The world's ultra-high-net-worth individuals now face a bevy of headwinds that include "succession and inheritance issues," higher taxes, and a potential slowdown in the global economy, according to the latest edition of Knight Frank LLP's 2016 Wealth Report.
"One of the most interesting findings is that a significant proportion of respondents—leading wealth advisors and private bankers from around the world—expect their clients’ wealth to increase at a slower rate over the next 10 years than the past decade," the report said.
Indeed, almost 6,000 people fell out of the ultra-high-net-worth bracket last year–a 3 percent slide from the year before and the first annual drop in the world's population of rich people since the 2008 financial crisis, according to Knight Frank.
"The rate of global economic growth slowed in 2015, while growth in equity, commodity and other asset prices also decelerated," the report explained.
Trickier times already have arrived for some, the report suggests.
In such countries as Greece, where financial burdens and political tensions have been especially prevalent in recent years, the amount of money invested inside the country's borders has dropped 18 percent as billionaires scurried to shift money out.
That has bucked a general trend whereby the world's wealthy have invested in foreign countries as never before–a move that has contributing to cross-border flows but also appears to have exposed the rich more to a potential slowdown in the global economy, as well as to cross-border crackdowns on wealth.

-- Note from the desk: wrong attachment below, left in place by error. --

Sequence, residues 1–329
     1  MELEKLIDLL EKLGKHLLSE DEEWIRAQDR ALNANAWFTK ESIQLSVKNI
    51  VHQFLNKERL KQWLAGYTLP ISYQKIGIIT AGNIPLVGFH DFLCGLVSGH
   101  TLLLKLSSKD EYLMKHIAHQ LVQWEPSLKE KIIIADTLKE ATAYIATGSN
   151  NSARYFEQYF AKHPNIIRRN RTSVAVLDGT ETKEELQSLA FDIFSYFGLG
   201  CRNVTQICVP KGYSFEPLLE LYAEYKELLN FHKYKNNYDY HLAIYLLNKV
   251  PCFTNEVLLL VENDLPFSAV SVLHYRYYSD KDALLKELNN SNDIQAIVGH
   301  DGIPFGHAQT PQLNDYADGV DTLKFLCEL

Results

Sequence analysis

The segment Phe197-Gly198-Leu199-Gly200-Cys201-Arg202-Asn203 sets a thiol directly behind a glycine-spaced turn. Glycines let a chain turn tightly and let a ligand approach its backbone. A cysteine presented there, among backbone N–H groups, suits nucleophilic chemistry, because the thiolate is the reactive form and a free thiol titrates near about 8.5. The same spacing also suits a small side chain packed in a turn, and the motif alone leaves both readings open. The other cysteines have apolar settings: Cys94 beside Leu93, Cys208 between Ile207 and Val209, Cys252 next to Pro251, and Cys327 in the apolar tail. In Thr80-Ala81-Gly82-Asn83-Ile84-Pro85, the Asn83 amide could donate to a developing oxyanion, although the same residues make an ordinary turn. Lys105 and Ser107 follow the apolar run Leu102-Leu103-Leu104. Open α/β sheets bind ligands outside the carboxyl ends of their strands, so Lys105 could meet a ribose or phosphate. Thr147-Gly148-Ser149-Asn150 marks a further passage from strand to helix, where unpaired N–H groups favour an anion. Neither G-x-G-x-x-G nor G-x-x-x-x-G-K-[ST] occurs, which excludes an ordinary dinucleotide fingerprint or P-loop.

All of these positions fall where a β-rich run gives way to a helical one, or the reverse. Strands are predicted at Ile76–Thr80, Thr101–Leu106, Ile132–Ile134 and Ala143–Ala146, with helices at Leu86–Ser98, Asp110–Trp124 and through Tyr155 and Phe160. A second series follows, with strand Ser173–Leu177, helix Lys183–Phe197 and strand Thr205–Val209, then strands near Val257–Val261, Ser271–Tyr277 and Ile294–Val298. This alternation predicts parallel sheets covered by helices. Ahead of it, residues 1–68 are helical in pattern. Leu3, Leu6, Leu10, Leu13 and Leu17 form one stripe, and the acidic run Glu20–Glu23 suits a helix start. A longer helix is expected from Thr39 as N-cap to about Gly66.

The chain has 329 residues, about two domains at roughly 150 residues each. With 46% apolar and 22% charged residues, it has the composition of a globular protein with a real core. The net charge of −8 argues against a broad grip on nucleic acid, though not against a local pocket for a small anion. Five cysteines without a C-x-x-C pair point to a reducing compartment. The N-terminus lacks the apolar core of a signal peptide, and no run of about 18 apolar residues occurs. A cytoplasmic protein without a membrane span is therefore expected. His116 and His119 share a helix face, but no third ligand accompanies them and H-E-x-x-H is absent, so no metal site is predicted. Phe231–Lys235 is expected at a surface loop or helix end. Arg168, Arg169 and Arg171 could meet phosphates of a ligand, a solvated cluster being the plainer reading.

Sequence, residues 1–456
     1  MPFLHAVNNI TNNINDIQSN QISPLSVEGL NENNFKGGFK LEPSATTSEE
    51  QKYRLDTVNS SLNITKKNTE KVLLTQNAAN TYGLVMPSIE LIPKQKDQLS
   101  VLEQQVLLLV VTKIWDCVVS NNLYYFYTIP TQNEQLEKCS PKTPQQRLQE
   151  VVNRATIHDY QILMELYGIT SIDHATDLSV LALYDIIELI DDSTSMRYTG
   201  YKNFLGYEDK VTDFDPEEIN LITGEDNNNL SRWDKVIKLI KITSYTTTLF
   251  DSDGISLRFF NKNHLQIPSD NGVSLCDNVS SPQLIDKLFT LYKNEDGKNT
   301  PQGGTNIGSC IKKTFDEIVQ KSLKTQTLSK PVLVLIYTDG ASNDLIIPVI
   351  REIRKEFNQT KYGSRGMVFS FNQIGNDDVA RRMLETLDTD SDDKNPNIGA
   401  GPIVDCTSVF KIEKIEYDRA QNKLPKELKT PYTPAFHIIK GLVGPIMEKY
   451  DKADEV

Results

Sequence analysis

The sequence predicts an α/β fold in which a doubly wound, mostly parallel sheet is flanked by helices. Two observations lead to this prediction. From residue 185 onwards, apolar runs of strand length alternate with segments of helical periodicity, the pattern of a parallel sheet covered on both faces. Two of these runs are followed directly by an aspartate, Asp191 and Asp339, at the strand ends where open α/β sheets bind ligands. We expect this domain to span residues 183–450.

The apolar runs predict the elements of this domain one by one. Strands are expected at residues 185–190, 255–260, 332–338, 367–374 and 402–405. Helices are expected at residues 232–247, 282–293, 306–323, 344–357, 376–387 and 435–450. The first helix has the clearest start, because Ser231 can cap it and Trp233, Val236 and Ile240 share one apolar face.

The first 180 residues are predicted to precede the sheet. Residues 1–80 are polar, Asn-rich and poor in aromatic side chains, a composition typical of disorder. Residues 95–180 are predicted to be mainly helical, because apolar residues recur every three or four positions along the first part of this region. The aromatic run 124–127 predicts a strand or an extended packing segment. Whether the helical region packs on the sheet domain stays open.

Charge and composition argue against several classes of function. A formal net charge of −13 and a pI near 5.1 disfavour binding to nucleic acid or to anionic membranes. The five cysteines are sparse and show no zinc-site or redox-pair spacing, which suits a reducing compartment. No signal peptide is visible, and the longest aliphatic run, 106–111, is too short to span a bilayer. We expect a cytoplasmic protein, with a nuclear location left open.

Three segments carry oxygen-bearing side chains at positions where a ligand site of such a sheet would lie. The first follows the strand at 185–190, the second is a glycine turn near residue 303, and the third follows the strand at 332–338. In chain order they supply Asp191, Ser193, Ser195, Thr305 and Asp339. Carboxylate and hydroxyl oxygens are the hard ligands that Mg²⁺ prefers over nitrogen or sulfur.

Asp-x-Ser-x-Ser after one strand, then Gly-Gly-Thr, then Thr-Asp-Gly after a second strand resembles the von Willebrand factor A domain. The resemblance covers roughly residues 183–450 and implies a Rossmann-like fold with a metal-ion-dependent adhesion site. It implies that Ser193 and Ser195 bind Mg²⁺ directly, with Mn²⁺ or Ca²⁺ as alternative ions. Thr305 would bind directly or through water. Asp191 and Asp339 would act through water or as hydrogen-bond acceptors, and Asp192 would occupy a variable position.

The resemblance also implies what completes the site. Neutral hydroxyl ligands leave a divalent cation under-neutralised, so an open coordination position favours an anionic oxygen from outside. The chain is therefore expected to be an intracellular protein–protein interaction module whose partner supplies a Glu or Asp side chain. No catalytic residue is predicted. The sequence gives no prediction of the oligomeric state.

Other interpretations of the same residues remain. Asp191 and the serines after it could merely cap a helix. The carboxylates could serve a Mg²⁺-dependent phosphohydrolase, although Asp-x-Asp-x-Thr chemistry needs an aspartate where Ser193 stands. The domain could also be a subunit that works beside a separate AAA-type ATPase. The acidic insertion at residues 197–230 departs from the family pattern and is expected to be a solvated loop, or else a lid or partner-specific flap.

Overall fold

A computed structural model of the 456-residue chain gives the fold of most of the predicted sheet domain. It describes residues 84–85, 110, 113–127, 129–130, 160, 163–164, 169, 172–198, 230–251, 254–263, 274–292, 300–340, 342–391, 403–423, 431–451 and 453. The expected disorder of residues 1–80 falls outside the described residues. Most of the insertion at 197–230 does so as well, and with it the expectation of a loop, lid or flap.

Two-thirds of respondents to Knight Frank's survey said they expect their clients' rate of wealth growth to slow over the next decade, while 84 percent of respondents in Australasia reckoned that an economic slowdown is on its way. That is perhaps unsurprising, the report noted, given that "much of the wealth creation in the region has been powered by China’s economic growth, which is now slowing."
China's outward investment in other countries has jumped a massive 1,013 percent over the last 10 years, according to Knight Frank analysis based on data from the International Monetary Fund. That, alongside the liberalization of some emerging markets, has helped propel the boom in cross-border investment by the world's wealthy.
"The impact of domestic economic growth and wealth creation, and in some cases more liberal credit controls, has seen rapid growth in outflows from markets such as Indonesia, Thailand and South Korea," the report said. "Economic instability in markets such as Italy and Greece has led to relatively strong outbound investment flows in a European context–with 106 percent and 135 percent growth respectively–over the past decade."
Knight Frank attributed much of the rise in cross-border investment to the increased popularity of buying properties in foreign countries.
The firm's data back up this claim, noting a 49 percent increase in the number of survey respondents that said their clients' allocation to property had increased over the past 10 years. Only allocations to such things as stocks, bonds, and homes that were not bought purely for investment purposes, experienced larger gains in popularity during that time.